Supernatural in Macbeth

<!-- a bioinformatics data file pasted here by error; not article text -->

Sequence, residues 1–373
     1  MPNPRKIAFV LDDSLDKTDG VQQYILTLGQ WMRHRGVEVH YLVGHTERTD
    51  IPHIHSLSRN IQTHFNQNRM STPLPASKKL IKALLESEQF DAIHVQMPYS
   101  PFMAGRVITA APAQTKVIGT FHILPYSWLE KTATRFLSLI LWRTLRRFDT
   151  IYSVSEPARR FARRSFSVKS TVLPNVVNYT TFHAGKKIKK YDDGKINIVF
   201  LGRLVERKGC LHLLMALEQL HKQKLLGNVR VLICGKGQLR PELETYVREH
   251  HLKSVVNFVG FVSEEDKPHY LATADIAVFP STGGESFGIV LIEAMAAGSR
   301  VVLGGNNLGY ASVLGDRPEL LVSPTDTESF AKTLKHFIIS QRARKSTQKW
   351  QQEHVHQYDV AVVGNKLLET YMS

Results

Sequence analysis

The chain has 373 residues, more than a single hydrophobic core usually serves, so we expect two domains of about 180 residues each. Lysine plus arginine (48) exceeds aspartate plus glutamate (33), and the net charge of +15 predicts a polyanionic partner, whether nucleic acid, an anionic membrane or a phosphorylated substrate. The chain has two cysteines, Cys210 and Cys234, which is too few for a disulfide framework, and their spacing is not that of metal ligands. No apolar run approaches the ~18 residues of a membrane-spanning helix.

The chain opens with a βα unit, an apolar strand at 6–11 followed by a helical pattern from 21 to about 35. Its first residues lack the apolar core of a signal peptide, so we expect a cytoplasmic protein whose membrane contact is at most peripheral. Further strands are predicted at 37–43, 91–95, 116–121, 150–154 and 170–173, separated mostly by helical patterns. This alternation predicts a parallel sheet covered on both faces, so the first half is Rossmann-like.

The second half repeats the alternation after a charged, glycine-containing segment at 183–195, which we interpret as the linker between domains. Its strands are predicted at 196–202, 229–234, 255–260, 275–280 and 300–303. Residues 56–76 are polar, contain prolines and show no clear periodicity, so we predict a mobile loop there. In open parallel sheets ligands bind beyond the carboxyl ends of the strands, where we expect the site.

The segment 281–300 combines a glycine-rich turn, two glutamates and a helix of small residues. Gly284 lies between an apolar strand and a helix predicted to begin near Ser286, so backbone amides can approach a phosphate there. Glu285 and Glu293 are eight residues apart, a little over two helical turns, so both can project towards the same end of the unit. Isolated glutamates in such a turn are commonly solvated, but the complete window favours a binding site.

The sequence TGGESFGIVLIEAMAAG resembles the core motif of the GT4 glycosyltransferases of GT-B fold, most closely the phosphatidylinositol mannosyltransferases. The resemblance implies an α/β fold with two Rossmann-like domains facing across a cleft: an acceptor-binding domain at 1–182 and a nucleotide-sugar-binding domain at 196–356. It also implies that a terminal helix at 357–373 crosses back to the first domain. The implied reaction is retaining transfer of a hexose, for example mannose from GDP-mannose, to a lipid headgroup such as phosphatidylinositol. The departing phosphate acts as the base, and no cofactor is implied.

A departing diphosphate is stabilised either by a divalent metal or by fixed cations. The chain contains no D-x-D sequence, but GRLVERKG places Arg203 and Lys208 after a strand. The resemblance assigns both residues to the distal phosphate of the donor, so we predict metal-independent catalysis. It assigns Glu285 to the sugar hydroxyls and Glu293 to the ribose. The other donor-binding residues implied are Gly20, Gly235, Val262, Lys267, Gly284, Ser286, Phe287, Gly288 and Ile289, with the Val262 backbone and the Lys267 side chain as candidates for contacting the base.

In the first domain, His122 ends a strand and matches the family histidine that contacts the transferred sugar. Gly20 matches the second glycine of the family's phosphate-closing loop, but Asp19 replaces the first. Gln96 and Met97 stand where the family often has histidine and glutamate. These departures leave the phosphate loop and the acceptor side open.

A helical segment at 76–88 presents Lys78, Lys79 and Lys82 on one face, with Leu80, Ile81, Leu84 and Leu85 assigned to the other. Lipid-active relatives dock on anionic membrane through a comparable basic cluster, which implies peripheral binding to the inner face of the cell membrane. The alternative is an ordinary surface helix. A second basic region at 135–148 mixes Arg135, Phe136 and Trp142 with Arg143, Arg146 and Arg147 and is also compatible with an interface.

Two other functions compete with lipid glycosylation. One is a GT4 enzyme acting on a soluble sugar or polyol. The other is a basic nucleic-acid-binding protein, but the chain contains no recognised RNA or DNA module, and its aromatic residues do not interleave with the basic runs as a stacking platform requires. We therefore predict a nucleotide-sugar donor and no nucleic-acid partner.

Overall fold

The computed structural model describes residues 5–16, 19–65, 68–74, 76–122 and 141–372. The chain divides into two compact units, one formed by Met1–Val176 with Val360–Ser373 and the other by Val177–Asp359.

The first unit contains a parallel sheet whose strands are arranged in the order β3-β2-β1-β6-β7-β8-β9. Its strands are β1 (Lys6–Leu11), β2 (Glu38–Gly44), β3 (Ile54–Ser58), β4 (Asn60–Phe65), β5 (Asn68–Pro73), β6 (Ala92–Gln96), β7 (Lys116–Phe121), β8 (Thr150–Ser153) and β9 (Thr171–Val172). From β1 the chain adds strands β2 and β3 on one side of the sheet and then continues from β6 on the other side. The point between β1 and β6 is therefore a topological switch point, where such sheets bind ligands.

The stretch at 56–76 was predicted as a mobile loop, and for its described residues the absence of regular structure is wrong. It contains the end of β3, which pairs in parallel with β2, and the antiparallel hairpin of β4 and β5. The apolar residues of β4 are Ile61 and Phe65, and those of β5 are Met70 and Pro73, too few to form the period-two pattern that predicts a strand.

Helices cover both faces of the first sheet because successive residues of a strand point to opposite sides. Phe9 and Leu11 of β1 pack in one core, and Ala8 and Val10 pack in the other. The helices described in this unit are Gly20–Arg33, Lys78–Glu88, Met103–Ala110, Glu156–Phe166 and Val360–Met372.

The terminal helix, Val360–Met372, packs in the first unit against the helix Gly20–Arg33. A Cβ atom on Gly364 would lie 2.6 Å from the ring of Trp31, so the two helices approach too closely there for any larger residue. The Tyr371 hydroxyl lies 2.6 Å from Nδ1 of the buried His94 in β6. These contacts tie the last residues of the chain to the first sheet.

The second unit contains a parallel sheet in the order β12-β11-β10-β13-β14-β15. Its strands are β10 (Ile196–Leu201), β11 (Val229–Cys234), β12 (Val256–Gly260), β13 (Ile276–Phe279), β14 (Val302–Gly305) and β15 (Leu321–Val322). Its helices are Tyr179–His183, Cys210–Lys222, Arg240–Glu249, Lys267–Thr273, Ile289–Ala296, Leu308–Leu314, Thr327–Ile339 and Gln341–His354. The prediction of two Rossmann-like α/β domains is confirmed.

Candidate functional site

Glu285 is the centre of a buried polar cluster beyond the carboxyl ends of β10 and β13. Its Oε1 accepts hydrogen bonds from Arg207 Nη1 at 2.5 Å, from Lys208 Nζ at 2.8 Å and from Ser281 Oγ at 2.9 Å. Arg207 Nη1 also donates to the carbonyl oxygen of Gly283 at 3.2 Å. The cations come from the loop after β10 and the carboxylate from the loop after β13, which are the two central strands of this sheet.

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The Supernatural is an influential theme that is found through majority of Shakespeare's plays. In Shakespeare's Macbeth, many references to supernatural activity can be found throughout this book, therefore making it crucial for the storyline. Webster defines the word "supernatural" as 1: of or relating to an order of existence beyond the visible observable universe; especially: of or relating to God or a god, demigod, spirit, or devil. 2 a: departing from what is usual or normal especially so as to appear to transcend the laws of natureb: attributed to an invisible agent (as a ghost or spirit).Macbeth is a literary tragedy with the purpose of arousing pity and fear so that the audience will be carried through an abundance of emotions. Tragedy is marked by the choices which the main character makes. Throughout this story, Macbeth's decisions are greatly influenced by many elements of the unexplainable supernatural world, causing his actions to be somewhat unpredictable majority of the time. The first major scene involving the supernatural world begin with the introduction to the three witches, this appeared in Act 1 Scene 1. The witches meet on a moor and they discussed their plans of where to meet Macbeth.  Webster defines witches as, "1: one that is credited with usually malignant supernatural powers; especially: a woman practicing usually black witchcraft often with the aid of a devil or familiar : sorceress — compare warlock 2: an ugly old woman : hag 3: a charming or alluring girl or woman 4: a practitioner of Wicca." The supernatural was mentioned in definition 1, therefore, the three witches were also part of the supernatural elements in the play Macbeth. These witches had a rather large impact throughout Macbeth, and they also proved to be a very important element of this story. The witches serve as a chorus in this play, which in a
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